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Evaluating private-label brands

Panelists discuss the impact of private-label brands in the aftermarket during Heavy Duty Aftermarket Dialogue on Jan. 27, 2014 in Las Vegas.Panelists discuss the impact of private-label brands in the aftermarket during Heavy Duty Aftermarket Dialogue on Jan. 27, 2014 in Las Vegas.

When you’re in the cereal aisle, do you always buy Cheerios?

If you’ve ever started your morning with a bowl of Toasted Oats, you know about private-label brands.

Designed to offer a product at a fraction of the price of a premium brand, private-label brands have been a mainstay in your grocery store for decades.

Speaking at Heavy Duty Aftermarket Dialogue Monday, Jan. 27 in Las Vegas before Heavy Duty Aftermarket Week (HDAW), Navistar’s Michelle Calbi and VIPAR Heavy Duty President Steve Crowley discussed the benefits and drawbacks private-label brands offer in today’s aftermarket.

When properly researched and engineered, “private-label brands can enhance your product offering in your distribution channel,” says Calbi.

Calbi says International and her previous company Freightliner worked hard to create complementary products to their OEM products for second- and third-generation truck owners. Today’s fleet population is older than ever before, and Calbi says there is an opportunity in today’s marketplace for dealers and distributors who can provide customers with quality replacement parts at reasonable prices.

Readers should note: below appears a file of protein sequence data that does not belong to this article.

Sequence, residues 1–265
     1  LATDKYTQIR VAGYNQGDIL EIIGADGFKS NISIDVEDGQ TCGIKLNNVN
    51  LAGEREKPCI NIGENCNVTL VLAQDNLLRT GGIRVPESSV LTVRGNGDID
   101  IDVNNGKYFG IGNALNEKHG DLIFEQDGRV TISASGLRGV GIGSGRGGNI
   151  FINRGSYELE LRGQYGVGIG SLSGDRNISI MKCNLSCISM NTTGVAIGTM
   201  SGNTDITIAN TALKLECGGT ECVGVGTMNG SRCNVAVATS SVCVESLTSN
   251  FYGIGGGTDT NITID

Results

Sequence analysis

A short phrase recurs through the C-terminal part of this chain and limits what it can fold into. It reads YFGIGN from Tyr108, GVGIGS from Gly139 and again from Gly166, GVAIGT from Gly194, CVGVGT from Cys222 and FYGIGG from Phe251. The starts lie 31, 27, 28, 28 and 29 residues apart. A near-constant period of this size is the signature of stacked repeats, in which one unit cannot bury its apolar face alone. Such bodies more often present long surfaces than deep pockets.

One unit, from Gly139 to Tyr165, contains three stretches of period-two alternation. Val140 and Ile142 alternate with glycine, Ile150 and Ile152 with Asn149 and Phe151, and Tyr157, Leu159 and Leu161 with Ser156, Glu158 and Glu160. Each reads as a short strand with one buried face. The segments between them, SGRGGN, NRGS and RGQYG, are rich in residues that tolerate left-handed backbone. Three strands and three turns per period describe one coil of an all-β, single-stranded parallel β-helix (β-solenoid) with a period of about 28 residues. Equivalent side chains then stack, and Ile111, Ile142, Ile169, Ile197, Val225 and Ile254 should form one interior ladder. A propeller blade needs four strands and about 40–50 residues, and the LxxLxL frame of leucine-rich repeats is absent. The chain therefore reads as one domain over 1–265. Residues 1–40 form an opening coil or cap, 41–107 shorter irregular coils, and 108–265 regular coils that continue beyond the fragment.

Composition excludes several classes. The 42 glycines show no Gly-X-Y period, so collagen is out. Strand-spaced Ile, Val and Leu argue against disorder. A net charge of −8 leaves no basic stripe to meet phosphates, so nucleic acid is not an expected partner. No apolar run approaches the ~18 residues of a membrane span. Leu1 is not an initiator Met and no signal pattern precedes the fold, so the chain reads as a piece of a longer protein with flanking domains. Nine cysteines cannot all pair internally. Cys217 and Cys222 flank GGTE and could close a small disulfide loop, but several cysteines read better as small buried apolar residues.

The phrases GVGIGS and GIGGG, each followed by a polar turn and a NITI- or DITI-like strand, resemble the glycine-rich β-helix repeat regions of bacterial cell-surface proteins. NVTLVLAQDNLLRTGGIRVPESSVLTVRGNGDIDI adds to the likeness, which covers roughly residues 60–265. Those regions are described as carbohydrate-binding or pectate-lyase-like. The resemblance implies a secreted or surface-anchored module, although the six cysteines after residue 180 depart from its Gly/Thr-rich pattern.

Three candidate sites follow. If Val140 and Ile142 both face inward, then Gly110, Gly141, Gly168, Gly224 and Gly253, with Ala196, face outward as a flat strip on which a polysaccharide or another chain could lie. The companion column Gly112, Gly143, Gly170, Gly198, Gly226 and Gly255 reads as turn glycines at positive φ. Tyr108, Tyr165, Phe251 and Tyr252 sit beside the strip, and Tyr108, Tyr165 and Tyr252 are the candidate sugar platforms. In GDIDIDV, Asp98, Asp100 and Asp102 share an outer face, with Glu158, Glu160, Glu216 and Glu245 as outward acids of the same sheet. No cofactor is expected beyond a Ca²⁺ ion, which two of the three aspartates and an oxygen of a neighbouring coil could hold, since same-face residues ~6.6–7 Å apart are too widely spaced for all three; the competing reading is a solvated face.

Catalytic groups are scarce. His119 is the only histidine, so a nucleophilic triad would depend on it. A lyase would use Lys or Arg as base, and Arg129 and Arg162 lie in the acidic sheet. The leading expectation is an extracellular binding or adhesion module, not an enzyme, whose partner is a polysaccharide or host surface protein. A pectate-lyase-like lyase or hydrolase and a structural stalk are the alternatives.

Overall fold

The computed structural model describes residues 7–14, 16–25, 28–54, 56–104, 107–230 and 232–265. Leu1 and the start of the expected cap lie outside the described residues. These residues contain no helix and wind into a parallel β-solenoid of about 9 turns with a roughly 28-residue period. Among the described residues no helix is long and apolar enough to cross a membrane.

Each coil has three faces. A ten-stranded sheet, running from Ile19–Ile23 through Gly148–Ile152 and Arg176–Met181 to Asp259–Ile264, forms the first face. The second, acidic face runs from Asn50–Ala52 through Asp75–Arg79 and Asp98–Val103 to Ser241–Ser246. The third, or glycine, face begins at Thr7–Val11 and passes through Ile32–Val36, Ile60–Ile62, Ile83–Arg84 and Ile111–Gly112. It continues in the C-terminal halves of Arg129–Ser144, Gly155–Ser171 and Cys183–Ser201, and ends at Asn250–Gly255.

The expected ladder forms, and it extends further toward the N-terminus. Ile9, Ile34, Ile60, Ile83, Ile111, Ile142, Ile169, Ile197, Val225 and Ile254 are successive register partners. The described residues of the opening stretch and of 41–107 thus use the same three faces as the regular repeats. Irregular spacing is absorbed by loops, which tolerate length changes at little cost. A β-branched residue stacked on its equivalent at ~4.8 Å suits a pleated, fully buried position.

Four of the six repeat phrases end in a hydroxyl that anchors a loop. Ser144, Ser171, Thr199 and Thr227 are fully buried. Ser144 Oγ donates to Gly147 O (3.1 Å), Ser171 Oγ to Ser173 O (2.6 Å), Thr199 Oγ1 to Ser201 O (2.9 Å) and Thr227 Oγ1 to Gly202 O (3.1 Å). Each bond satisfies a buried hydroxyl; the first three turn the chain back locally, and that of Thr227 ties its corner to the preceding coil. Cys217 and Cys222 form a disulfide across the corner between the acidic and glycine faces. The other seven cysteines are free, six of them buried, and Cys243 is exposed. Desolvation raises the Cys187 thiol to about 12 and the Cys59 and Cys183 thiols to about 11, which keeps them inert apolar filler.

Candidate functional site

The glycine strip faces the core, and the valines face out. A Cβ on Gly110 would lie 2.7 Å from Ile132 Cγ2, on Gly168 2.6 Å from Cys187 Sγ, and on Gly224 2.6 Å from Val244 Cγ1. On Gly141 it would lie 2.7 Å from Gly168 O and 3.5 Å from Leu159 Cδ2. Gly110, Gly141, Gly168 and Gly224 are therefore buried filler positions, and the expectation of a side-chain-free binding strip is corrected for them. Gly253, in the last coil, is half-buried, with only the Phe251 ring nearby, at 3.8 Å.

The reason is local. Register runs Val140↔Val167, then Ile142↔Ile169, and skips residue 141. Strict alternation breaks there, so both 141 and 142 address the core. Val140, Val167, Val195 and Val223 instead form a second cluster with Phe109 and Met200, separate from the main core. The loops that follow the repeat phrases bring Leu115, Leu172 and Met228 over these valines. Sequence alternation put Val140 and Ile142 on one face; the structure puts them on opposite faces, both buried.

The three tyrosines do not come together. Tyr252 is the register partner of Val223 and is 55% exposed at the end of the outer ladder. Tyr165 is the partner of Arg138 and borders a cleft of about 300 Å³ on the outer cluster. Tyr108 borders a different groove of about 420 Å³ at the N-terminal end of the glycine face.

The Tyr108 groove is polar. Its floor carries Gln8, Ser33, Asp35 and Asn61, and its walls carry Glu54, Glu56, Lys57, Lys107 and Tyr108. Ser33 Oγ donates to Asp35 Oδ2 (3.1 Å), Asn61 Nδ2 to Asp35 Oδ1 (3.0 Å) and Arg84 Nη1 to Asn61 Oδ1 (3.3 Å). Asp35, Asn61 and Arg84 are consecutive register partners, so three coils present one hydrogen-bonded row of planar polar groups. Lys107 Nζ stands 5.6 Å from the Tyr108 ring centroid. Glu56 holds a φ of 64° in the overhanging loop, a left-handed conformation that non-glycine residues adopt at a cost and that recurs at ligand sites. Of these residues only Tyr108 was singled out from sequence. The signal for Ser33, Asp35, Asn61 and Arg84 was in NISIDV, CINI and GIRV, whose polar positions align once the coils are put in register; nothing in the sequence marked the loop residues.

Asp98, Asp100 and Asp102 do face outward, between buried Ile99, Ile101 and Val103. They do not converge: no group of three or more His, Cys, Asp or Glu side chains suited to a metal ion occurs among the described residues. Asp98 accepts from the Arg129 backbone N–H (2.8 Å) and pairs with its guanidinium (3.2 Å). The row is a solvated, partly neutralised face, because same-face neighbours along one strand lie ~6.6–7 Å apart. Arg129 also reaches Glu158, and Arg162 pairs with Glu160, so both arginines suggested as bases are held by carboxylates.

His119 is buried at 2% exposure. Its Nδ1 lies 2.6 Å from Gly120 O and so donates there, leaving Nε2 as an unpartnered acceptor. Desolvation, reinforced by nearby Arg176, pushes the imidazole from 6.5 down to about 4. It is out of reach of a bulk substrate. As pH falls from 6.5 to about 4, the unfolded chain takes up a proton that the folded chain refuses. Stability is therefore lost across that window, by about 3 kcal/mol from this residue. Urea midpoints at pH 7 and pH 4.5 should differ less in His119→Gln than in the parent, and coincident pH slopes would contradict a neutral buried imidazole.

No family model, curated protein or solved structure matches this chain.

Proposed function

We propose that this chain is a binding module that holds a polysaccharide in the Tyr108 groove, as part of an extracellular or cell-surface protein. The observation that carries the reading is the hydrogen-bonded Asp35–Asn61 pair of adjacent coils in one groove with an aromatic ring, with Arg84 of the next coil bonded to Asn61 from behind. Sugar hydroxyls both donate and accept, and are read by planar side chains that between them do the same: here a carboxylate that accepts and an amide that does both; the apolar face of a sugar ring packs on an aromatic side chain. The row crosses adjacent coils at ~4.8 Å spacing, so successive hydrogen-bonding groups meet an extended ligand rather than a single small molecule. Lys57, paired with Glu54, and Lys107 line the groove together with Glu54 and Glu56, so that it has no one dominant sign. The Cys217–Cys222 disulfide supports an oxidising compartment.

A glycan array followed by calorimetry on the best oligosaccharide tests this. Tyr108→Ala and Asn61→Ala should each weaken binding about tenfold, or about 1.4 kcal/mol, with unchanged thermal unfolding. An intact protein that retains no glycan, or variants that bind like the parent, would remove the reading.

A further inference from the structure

Crowley agrees, but says when a distributor decides to add private-label products it is imperative that they research the brand and the part’s quality.

The premium component suppliers in today’s marketplace are successful because their products are reliable. Customers trust these brands because they know they have been tested and proven to work, Crowley says.

An aftermarket private-label brand must live up to that same standard.

Distributors who offer private-label brands they have not researched and validated risk selling products that don’t live up to expectations, Crowley says, and that hurts the distributor’s brand as well as the supplier.

Calbi agrees, and notes today’s OEMs work diligently to produce private-label products that live up to the standards of their OEM counterparts.

Both presenters note the risks associated with private-label offshore products. Crowley notes low-quality off-shore products and counterfeit products are a “scourge” on the market.

Private-label parts might offer a cost savings, but Calbi says there is a risk when manufacturers produce poor components in order to win on price.

“You don’t want someone to get hurt,” she says.

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